This year, pop had the makings of a Broadway spectacle. Conflict, death, love woes and randy delight abounded, with the cast of characters bringing one of the more interesting blends of music and melodrama in recent years to a fever pitch.
And it was quite a ride.
The death of “King of Pop” Michael Jackson eclipsed all things in the realm of recorded music. Jackson’s untimely death at 50 spurred reflection on not only his musical legacy but just how much, for better or worse, the kingdom he ruled has changed. While the likes of Beyonce and Justin Timberlake are icons for today’s listeners, performers these days just don’t produce events that burst forth with the vibrancy of an “Off the Wall” or “Thriller.” And in an era of 24-hour cable news and gossip blogs, the joy that once made pop music what it was is no more. But Jackson’s magic is indeed working: The lavish concert film “This Is It” and its soundtrack album both went to No. 1, while the late singer collected a whopping four trophies at the 2009 American Music Awards. No matter what you think of him, he’s still the blueprint.
In a year replete with goodies for the children to savor, Beyonce was pegged by many to pick up Jackson’s mantle. It’s not likely she’ll reach those heights, but she could come close. Though “I Am … Sasha Fierce” hit shelves late last year, the album and its half dozen hit singles are still going strong, with “Single Ladies” and its video remaining staples at radio, YouTube and beyond. “Video Phone,” her latest outing, pairs her with aspiring gay icon Lady Gaga, whose blend of hooks and histrionics yielded four chart-topping singles and made her the year’s breakout star and a top concert attraction. Pop princess Britney Spears capped an amazing comeback with the catchy single “3,” a surprise No. 1 hit this past October that proves she can still make you move. And while not yet stars Stateside, U.K. duo La Roux offered up one of the best jams of the year with the synth-happy “Bulletproof,” a ditty that would make The Human League and Depeche Mode proud.
Whitney Houston proved the leader among the cornerstone gay divas, as her solid comeback effort “I Look to You” topped the charts and birthed hits in the title track and the ultra-glam disco throwback “Million Dollar Bill.” Critics were quick to point out that her pipes aren’t what they used to be, but writing her off may be premature. If time can do for Nippy what it did for Natalie Cole, we may get glimmers of the “You Give Good Love” gold in the future. For now, it’s just good to have her back.
Elsewhere, Madonna commemorated more than two decades of divadom with “Celebration,” a multi-format career retrospective. The single and video of the same name were frenzied and fresh, complete with Madonna getting her dance on like no other chick over 50.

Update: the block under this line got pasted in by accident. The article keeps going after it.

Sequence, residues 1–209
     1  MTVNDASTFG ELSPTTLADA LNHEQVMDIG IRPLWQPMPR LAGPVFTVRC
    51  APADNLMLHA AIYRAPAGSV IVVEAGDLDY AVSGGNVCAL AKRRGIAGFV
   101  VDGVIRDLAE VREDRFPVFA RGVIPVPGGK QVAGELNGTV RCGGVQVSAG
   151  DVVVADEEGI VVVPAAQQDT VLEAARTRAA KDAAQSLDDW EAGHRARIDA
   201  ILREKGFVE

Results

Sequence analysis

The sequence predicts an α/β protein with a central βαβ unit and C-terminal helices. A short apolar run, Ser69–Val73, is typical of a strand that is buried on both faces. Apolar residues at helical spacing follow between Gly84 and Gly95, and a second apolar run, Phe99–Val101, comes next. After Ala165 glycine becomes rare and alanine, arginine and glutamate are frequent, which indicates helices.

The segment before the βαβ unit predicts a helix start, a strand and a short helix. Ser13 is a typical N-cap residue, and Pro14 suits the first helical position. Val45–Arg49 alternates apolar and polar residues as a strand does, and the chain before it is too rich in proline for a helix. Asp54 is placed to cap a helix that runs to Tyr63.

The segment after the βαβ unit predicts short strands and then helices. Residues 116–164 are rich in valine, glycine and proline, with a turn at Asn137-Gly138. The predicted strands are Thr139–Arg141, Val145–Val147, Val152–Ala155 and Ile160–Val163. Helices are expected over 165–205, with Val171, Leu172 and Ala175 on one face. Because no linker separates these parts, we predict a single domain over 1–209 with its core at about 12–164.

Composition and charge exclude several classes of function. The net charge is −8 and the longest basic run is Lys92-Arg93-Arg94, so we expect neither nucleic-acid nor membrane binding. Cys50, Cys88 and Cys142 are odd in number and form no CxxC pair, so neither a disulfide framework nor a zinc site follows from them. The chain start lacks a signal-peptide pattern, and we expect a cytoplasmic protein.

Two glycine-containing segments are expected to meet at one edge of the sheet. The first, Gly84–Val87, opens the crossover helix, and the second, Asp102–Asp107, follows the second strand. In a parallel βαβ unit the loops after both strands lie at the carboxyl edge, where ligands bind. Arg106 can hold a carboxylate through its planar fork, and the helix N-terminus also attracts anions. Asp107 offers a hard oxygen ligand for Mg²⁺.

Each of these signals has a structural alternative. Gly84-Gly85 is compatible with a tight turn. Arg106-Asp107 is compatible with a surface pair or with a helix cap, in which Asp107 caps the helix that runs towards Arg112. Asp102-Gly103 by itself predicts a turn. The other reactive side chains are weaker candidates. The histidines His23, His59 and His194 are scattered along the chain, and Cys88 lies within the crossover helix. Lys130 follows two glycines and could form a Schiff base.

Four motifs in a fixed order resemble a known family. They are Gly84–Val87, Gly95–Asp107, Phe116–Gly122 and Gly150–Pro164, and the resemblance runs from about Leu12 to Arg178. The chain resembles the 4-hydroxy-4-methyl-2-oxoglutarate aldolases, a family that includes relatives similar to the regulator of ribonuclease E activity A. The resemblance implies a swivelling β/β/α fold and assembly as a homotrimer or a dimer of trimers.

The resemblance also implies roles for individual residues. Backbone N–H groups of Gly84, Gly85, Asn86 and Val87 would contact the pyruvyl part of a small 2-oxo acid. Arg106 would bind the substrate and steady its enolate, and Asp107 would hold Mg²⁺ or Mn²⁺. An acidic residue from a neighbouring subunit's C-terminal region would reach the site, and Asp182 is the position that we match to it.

Fellow icon Janet Jackson, who issued the outstanding compilation “Number Ones,” set things ablaze hot on the heels of her MTV VMA tribute to her late brother with “Make Me,” easily her best single in years and a No. 1 smash on the Billboard dance chart. As for Mariah Carey, her “Memoirs of an Imperfect Angel” proved a disappointment in comparison to “The Emancipation of Mimi” and “E=MC2.” However, Carey’s got another reason to sing: Her minimalist portrayal of a social worker in “Precious,” based on the novel “Push” by Sapphire, has earned the singer the strongest notices of her low-key acting career.
Pop and controversy go together like horse and carriage, and this year was no exception. There was Kanye West’s infamous interruption of Taylor Swift’s MTV VMAs acceptance speech, an outburst that’s proved a boon to the country upstart’s career. The comical part? West and Swift were Billboard’s top male and female artists for 2009. Then we had out power-pop divo Adam Lambert, who caused a collective gasp with his oral-sex simulating American Music Awards performance. Still, no two stars proved more polarizing than Chris Brown and Rihanna, whose sordid tale of domestic abuse still seems surreal. They’ve both spent plenty of time in the press opining about the lessons they’ve learned but their art doesn’t show it, as Brown’s “Graffiti” and Rihanna’s “Rated R,” while competent, are hardly career-defining achievements. A little time out of the spotlight would do them both some good.
Without a doubt, 2009 kept us dancing with feet planted in the past and the future. Considering that the start of a decade brings new icons, trends and good-old fashioned drama, this year just might have been a prelude to the best show yet.
It will be tough to top, that’s for sure.